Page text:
FOI Advisory Council Opinion AO-06-06


May 25, 2006

Steven Shoon
Petersburg, Virginia

The staff of the Freedom of Information Advisory Council is authorized to issue advisory opinions. The ensuing staff advisory opinion is based solely upon the information presented in your letters of May 9, 2006, and May 11, 2006.

Dear Mr. Shoon:

You have asked whether subsection C of § 2.2-3703 of the Virginia Freedom of Information Act (FOIA), concerning rights of incarcerated persons, violates the standards of substantive due process under the Fifth and Fourteenth Amendments to the Constitution of the United States. You expressed particular concern that the language used in this subsection may deny FOIA rights to persons who are incarcerated but not convicted of any criminal offense.

The General Assembly has stated that the purpose of FOIA is to ensure the people of the Commonwealth ready access to public records in the custody of a public body or its officers and employees, and free entry to meetings of public bodies wherein the business of the people is being conducted. However, subsection C of § 2.2-3703 reads as follows: No provision of this chapter or Chapter 21 (§ 30-178 et seq.) of Title 30 shall be construed to afford any rights to any person incarcerated in a state, local or federal correctional facility, whether or not such facility is (i) located in the Commonwealth or (ii) operated pursuant to the Corrections Private Management Act (§ 53.1-261 et seq.). However, this subsection shall not be construed to prevent an incarcerated person from exercising his constitutionally protected rights, including, but not limited to, his rights to call for evidence in his favor in a criminal prosecution. Thus while the General Assembly has chosen to grant rights of access to public records and public meetings to citizens generally, it has chosen not to grant those same rights to incarcerated persons.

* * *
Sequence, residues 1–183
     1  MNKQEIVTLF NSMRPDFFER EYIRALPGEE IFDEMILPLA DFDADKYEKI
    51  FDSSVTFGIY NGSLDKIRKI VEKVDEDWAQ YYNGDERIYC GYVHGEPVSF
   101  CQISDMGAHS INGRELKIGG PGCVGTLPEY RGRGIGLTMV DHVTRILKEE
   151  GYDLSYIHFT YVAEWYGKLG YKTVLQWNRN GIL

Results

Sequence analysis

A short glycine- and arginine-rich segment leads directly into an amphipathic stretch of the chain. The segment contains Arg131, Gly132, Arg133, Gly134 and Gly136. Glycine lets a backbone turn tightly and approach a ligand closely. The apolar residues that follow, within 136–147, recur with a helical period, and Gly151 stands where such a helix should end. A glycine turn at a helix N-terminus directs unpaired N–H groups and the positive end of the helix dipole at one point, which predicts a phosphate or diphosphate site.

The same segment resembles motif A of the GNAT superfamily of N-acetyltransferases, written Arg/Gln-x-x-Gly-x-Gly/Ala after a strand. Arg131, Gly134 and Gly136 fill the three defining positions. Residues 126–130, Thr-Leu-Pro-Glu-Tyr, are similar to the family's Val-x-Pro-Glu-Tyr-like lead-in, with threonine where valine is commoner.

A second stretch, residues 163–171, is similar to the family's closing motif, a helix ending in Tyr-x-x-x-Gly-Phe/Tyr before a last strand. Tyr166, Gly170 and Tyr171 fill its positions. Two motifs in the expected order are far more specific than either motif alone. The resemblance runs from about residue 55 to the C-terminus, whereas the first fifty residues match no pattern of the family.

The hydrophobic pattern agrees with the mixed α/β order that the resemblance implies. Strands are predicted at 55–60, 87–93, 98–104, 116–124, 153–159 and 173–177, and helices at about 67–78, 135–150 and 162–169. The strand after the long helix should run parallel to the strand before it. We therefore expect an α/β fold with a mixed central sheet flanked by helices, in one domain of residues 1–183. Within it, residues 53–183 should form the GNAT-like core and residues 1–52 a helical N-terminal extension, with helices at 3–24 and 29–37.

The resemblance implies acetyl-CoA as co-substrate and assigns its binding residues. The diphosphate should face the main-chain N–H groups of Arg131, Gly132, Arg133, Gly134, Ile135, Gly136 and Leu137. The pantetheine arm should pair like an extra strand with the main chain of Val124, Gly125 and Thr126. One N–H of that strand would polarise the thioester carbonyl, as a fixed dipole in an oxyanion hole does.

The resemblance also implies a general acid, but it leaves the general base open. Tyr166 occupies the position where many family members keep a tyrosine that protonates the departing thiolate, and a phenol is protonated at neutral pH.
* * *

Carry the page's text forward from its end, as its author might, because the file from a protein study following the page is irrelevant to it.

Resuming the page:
Whether subsection C of § 2.2-3703 violates the federal constitution is not a matter of interpretation or guidance under FOIA. Rather, it is a question regarding the authority of the General Assembly to grant rights to citizens in general while withholding those same rights from incarcerated persons, and whether that exercise of state legislative authority violates the federal constitution. The powers and duties of the Freedom of Information Advisory Council (the Council) are delimited by statute, as set forth in § 30-179 of the Code of Virginia. While the Council does have the power and duty to provide advisory opinions, training, and education regarding FOIA, the Council does not have the power or duty to interpret the federal constitution or the application of constitutional law to specific legislative actions of the General Assembly of Virginia. To offer an opinion regarding the constitutionality of subsection C of § 2.2-3703 would be beyond the authority of the Council.

You also requested that this office forward your request to the Office of the Attorney General in the event that the opinion requested is beyond the authority of the Council. Subsection A of § 2.2-505 states as follows: The Attorney General shall give his advice and render official advisory opinions in writing only when requested in writing so to do by one of the following: the Governor; a member of the General Assembly; a judge of a court of record or a judge of a court not of record; the State Corporation Commission; an attorney for the Commonwealth; a county, city or town attorney in those localities in which such office has been created; a clerk of a court of record; a city or county sheriff; a city or county treasurer or similar officer; a commissioner of the revenue or similar officer; a chairman or secretary of an electoral board; or the head of a state department, division, bureau, institution or board.

Thank you for contacting this office. I hope that I have been of assistance.


Maria J.K. Everett
Executive Director